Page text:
Taiwan's DPP, KMT make last-ditch calls for unity


President Tsai Ing-wen (蔡英文) called Friday for unity and love among her supporters on the eve of Saturday's elections, when Taiwan's voters will go to the polls to elect their president and legislators.

Speaking before a street parade to solicit votes for a legislative candidate of her Democratic Progressive Party (DPP) in New Taipei's Tucheng District, Tsai exhorted her supporters to firmly back the DPP contender and not to doubt their choice, saying that the DPP's path is correct.

"We must come together and never underestimate our rival," she said, referring to her prime competitor in the three-way presidential race -- Kaohsiung Mayor Han Kuo-yu (韓國瑜) of the main opposition Kuomintang (KMT).

"We must endure to the last minute and achieve electoral victory with unity and love," given that "many supporters of Tsai Ing-wen and Han Kuo-yu might be from the same family," she said.

Tsai, Han and People First Party Chairman James Soong (宋楚瑜) are vying for the 2020 presidency, with either Tsai or Han expected to emerge victorious.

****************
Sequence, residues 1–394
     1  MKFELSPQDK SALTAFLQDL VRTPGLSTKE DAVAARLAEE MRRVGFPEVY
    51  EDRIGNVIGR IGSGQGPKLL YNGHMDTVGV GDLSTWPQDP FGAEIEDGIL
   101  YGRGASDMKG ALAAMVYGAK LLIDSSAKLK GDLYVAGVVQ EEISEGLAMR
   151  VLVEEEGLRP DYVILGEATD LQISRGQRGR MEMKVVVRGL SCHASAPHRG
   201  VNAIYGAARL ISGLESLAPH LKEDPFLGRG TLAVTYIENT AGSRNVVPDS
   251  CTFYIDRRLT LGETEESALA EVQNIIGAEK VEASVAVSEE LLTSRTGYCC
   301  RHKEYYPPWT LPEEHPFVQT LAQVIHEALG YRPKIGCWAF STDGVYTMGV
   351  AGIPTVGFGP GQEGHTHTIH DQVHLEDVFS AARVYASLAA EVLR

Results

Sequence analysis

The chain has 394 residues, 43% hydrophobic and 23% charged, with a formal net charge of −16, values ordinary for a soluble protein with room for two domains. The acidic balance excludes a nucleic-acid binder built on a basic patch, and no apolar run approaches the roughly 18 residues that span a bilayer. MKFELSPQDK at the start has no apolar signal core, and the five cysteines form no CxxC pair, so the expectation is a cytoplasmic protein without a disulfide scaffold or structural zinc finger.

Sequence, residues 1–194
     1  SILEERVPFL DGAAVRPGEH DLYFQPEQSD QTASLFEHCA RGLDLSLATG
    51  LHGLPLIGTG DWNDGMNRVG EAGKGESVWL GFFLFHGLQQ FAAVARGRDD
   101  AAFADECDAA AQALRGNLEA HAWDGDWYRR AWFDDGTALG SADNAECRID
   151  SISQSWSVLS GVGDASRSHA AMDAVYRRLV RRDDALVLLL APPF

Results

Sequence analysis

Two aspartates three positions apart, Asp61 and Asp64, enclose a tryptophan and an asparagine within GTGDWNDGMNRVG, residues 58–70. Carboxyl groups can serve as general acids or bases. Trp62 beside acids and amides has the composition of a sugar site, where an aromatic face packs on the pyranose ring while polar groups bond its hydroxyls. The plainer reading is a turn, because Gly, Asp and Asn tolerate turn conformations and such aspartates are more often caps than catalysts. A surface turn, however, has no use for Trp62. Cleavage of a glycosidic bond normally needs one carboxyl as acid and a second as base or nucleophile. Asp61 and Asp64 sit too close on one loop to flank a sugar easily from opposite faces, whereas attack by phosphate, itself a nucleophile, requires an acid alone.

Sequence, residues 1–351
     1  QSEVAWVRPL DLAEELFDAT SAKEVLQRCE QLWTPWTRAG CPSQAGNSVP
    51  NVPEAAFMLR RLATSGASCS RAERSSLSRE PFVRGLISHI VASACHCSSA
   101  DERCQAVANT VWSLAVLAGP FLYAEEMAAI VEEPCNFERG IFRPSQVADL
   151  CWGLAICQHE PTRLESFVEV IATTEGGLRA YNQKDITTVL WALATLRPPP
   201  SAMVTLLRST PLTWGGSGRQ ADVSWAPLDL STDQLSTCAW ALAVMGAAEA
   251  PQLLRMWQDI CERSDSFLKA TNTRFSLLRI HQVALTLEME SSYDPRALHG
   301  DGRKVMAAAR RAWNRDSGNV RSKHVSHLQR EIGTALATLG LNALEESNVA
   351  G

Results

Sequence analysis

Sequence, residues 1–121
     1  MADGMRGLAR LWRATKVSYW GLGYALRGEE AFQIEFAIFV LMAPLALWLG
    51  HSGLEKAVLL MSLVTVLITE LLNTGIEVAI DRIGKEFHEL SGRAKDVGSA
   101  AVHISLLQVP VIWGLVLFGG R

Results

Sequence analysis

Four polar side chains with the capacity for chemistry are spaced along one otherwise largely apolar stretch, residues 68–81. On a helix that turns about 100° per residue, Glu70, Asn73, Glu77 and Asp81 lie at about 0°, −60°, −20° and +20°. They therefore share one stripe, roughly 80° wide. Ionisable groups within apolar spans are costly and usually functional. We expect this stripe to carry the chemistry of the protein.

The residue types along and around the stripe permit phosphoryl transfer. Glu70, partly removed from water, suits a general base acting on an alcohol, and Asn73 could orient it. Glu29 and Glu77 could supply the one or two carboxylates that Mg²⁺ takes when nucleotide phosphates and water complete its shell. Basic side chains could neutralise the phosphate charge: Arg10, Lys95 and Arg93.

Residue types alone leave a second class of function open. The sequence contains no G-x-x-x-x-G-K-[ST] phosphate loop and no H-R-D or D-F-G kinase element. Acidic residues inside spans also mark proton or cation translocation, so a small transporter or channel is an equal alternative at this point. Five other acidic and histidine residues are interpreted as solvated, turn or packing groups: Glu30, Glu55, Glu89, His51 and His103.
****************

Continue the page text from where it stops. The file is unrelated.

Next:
At a news conference held at the KMT's headquarters, Tseng Yung-chuan (曾永權), the party's vice chairman who serves as Han's campaign manager, urged the public to cast their votes for Han.

"We must be united and vote for Han to get rid of the corrupt DPP, to allow Han to build a safe and prosperous Taiwan," he added.

"If you are an opponent of Tsai but decide not to vote for Han, this means you will be doing Tsai a favor," said Chou Hsi-wei (周錫瑋), deputy manager of Han's campaign.

For his part, Soong, a former KMT secretary-general from 1989- 1993, urged supporters of the pan-blue camp led by the KMT not to repeat the same error they made in 2000 by switching their support for him to Han.

Soong, who defected from the KMT to run in the 2000 presidential election as an independent against KMT candidate Lien Chan (連戰) and DPP contender Chen Shui-bian (陳水扁), eventually lost a fierce to Chen 36.84 percent to 39.3 percent, with Lien in third place with 23.1 percent.

Ascribing his 2000 defeat to a split in the pan-blue camp as a result of a KMT scheme that intentionally led pan-blue supporters to vote for Lien instead of him through fake public opinion polls, Soong said Taiwan needs a government on which the people can rely and which is capable of serving the people.

"Whether you are a KMT supporter or a DPP supporter is not the issue," he claimed. "In line with the basic rules of a democratic society, the most important thing is to elect a capable and honest man to serve us."